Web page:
2 Year Mobile Accident Protection Planfrom Asurion, LLC
- NO ADDITIONAL COST: You pay $0 for repairs – parts, labor and shipping included.
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Huawei Nexus 6P unlocked smartphone, 32GB Graphite (US Warranty)
|Display Size||5.7 Inches|
|Memory Storage Capacity||32 GB|
About this item
- All-metal design Unlocked, LTE smartphone with a powerful 2GHz Snapdragon 810 V2.1 Processor and the newest Android software, Android 6.0 marshmallow.
- A 5.7-Inch, high-resolution WQHD AMOLED display and front-facing stereo speakers to experience your photos and videos in cinematic Quality.
- The powerful 12 MP Camera was built to capture your world in true-to-life detail. Larger 1.55 µM pixels absorb more light¹ in even the dimmest conditions to make your photos Brighter.
- Quicker access and more security with a fingerprint sensor placed on the back to complement the way you naturally hold your Phone.
- Long lasting 3,450 mAh battery with quick charging USB Type-C plug. it's reversible, so there's no more guessing which way is up.
- Model Nin-A1; compatible with nano SIM Cards
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From the manufacturer
An exquisite frame for your life
Crafted from aeronautical-grade anodized aluminum, the new Nexus sports the curves and contours of a machine built for turning heads. Diamond chamfers encircle its edges, and the new visor on the back of the device accents the low-light-loving, 12.3 MP, sapphire- crystal lens camera.
Built on a foundation of power
With the octa-core Snapdragon 810 processor under the hood, performance on the new Nexus is faster than ever, yet gentler on battery life. The 3450mAh battery keeps you talking, texting and apping into the night. Paired with a reversible USB Type-C port for fast charging, you’ve got a daily driver that actually lasts all day.
Always the newest OS, now running Android 6.0 Marshmallow
With Nexus devices, you always get the freshest, fastest, most satisfying Android OS available. First in line for software updates and designed from the inside out with an Android-centric point of view, Nexus is the ultimate Android experience.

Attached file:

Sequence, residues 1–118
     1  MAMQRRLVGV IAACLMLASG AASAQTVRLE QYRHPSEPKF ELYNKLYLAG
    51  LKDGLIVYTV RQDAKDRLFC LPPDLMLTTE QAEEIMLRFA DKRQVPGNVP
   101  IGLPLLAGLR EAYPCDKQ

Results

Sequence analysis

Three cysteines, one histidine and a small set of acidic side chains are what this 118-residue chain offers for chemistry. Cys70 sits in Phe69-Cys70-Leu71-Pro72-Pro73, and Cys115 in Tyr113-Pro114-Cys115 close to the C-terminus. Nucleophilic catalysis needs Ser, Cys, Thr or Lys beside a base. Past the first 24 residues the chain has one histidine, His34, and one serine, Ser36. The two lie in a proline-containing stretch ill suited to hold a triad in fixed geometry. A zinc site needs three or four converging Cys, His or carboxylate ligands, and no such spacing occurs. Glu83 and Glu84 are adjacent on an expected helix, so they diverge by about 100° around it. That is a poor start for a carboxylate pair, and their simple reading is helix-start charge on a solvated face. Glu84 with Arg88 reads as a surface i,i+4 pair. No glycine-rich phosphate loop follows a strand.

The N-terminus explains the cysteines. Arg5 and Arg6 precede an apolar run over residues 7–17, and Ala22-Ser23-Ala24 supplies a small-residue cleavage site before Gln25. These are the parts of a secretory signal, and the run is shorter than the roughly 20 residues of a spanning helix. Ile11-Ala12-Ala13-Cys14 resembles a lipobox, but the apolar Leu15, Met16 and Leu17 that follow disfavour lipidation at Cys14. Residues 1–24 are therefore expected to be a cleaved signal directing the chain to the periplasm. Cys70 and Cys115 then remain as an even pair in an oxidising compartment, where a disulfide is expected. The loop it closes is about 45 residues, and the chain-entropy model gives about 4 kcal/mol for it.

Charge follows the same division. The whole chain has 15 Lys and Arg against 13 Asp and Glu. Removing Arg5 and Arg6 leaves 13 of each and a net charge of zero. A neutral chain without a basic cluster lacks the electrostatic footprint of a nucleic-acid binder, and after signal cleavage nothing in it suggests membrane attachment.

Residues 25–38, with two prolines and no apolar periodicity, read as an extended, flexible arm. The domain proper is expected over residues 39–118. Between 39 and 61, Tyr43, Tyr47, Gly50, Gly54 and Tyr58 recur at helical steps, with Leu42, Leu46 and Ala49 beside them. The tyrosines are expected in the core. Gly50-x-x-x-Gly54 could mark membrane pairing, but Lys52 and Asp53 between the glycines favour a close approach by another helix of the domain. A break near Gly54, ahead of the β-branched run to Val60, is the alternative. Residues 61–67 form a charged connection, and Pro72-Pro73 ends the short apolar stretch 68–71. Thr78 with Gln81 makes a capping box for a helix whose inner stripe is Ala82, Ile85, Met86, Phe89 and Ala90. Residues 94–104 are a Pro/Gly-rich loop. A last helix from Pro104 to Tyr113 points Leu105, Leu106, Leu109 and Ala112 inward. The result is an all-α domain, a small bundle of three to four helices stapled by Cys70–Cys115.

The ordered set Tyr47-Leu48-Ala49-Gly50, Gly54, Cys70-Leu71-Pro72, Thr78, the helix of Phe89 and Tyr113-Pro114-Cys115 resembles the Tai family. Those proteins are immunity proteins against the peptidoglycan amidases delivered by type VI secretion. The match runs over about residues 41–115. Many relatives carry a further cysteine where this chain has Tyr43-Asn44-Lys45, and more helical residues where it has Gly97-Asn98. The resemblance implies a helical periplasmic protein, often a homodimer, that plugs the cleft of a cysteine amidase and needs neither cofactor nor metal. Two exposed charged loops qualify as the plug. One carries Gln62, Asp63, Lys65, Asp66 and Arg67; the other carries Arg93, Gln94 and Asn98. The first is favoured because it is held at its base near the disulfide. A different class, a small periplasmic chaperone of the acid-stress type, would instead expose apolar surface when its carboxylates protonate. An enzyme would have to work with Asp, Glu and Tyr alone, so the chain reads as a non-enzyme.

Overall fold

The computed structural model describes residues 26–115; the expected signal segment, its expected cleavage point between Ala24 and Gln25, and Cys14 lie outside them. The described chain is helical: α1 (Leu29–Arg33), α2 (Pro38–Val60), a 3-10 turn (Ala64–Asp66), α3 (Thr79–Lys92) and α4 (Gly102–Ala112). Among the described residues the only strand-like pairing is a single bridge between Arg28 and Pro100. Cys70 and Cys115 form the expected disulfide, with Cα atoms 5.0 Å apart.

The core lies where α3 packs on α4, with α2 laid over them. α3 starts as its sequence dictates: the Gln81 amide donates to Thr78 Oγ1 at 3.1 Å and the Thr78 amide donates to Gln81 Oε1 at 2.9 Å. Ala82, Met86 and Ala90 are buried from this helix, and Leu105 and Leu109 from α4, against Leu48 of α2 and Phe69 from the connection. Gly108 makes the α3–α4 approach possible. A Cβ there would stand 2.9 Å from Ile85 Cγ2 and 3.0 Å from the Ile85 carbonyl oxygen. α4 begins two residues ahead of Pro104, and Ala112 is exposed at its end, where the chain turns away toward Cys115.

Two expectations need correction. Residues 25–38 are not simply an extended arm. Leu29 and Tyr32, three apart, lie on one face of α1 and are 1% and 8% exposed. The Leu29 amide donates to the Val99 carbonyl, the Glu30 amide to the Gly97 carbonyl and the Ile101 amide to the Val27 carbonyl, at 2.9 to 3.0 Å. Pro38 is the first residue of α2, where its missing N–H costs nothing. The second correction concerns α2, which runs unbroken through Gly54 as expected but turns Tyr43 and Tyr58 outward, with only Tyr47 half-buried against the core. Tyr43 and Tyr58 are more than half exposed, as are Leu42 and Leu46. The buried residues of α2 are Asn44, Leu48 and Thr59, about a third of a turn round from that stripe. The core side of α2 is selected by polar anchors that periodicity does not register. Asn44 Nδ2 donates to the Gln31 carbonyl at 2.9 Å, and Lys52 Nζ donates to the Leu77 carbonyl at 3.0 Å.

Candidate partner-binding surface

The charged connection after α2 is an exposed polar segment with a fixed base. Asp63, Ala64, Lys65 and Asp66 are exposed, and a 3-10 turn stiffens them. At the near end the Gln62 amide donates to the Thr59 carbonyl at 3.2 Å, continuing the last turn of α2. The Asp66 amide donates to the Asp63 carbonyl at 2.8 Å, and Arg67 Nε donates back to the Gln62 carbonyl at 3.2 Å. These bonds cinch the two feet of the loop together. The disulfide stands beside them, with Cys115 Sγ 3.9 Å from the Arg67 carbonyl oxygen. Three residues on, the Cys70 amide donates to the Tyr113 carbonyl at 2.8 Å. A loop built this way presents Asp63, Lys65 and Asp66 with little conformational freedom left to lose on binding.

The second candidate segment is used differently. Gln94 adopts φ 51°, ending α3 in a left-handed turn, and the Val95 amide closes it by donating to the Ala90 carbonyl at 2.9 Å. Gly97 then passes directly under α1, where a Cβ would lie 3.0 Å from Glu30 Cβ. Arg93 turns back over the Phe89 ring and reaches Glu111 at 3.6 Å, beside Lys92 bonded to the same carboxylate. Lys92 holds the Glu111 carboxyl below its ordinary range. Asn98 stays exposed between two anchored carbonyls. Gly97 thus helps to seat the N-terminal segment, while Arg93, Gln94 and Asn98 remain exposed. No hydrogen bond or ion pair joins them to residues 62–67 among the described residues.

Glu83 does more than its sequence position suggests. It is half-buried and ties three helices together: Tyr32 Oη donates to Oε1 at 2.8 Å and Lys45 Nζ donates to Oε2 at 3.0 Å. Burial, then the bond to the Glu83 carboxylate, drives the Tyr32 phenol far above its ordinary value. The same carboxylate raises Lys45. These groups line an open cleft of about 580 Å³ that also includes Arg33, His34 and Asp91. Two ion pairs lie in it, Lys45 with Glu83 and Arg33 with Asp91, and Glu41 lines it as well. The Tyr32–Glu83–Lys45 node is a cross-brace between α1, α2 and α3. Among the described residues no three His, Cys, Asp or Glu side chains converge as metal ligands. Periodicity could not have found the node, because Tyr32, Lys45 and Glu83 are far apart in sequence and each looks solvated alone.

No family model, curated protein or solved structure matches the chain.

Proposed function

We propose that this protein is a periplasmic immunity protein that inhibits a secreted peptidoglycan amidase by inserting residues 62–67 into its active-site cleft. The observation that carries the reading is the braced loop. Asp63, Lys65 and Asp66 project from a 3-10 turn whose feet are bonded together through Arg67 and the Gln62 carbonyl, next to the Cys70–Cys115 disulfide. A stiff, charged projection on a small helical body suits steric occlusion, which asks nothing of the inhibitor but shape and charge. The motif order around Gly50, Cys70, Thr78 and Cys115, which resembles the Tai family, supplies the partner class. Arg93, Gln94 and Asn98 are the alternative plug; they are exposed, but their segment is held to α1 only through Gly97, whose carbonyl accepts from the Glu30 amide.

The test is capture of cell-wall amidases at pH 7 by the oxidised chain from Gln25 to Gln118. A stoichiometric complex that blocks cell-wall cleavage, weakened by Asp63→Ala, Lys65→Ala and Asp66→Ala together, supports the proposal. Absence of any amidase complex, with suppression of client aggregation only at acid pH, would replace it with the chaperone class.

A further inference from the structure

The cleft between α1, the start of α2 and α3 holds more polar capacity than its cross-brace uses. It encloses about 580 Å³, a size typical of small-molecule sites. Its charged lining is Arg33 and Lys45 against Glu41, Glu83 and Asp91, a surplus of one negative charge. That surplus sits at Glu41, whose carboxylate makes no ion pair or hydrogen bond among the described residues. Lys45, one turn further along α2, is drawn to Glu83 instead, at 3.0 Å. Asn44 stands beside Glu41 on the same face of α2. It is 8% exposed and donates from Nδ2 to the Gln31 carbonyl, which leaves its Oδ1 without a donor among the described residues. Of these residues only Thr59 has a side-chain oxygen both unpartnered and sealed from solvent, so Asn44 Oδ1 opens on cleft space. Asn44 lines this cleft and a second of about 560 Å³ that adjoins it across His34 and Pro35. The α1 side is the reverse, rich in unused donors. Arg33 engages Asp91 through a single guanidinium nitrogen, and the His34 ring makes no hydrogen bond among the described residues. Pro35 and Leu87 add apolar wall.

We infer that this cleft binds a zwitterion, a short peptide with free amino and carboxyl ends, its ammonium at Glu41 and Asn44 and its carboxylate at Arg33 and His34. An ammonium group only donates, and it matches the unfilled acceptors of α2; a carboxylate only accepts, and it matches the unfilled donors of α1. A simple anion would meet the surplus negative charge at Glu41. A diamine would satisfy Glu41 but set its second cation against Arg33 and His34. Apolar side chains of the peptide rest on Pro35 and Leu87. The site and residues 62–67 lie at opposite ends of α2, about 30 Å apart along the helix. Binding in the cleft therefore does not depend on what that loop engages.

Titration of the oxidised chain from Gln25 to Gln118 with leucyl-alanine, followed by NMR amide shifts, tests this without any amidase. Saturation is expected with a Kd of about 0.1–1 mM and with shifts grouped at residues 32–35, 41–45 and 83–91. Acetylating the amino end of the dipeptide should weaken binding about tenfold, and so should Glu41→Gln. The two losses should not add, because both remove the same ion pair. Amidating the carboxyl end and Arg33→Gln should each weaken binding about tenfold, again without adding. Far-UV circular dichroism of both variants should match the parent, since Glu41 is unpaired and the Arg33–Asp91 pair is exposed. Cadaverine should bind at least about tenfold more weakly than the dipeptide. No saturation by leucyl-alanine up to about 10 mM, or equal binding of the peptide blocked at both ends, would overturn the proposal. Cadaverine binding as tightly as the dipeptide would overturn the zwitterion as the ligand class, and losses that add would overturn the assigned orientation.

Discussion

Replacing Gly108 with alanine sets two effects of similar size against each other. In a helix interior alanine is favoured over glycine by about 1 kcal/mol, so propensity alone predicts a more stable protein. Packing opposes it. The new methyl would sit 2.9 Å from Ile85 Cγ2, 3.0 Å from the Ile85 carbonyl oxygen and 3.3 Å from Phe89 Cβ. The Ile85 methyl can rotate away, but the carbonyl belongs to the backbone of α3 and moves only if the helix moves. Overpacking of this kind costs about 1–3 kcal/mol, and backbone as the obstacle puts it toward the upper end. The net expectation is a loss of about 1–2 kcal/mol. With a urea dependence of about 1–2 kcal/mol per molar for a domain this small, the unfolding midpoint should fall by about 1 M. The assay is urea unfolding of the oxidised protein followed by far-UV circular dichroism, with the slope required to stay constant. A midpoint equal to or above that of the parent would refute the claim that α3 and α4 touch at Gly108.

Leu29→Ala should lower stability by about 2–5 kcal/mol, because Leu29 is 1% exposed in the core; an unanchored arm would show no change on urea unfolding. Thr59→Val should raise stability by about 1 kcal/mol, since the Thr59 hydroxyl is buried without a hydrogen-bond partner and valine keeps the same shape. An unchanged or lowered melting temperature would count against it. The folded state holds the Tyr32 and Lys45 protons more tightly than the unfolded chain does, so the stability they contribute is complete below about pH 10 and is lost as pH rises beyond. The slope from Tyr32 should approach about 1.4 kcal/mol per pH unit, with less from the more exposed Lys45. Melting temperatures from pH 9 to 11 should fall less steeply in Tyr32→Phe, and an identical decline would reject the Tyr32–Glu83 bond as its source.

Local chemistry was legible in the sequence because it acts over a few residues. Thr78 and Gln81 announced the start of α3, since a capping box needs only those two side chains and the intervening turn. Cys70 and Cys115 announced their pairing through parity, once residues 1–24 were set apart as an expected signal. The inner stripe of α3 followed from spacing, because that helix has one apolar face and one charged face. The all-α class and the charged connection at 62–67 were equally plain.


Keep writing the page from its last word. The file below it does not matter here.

A camera that captures more light
The 12.3 MP camera is designed for photos taken with less‑than‑ideal lighting. The 1.55µm sensor captures more light than almost any other on the market, and oversized pixels absorb more in even the dimmest conditions to make your photos brighter. With a faster Google Camera app, you never miss a moment, and with the smart Google Photos app, your memories are easy to relive and impossible to lose.
Simplified Security: One Fingertip
Your Nexus is quicker and more secure with a fingerprint sensor. Placed on the back of your device to complement the way you naturally hold it, one touch will turn on your phone and unlock your apps for smooth, easy access. Instead of a password, only your unique fingerprint can access your email and photos, or make purchases on Android Pay.
The best of Google in the palm of your hand
Nexus: When the apps you love, your OS software, and your device itself are all on the same page. Your day runs smoother when the apps that run your day, like Gmail, Chrome, and Google Maps, are powered by Android and Nexus, with the same Google DNA.
What is an unlocked phone?
An unlocked phone is a device that is not bound to any carrier or plan. It allows you to choose your phone first and your carrier second. Upon selecting a plan, simply insert the carrier's SIM card into the phone and you're ready to go. If you decide you want to change carriers down the road or want to take an international trip, it's as simple as replacing your existing SIM card with a new SIM and activating your new plan.
What are the benefits of an unlocked phone?
Freedom: Choose the carrier with the best service or price. If you find a better deal later, you have the ability to change to a different carrier.
Travel: Take your phone internationally and use the carrier of your choice. It's as easy as inserting an active SIM card.